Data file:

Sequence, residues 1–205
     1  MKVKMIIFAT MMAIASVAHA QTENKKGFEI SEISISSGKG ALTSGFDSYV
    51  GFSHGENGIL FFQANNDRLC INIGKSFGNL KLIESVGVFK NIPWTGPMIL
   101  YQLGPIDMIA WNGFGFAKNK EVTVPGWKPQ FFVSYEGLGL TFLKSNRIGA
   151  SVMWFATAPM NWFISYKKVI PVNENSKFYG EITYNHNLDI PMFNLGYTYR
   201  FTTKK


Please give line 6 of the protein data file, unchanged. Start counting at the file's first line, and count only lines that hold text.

   201  FTTKK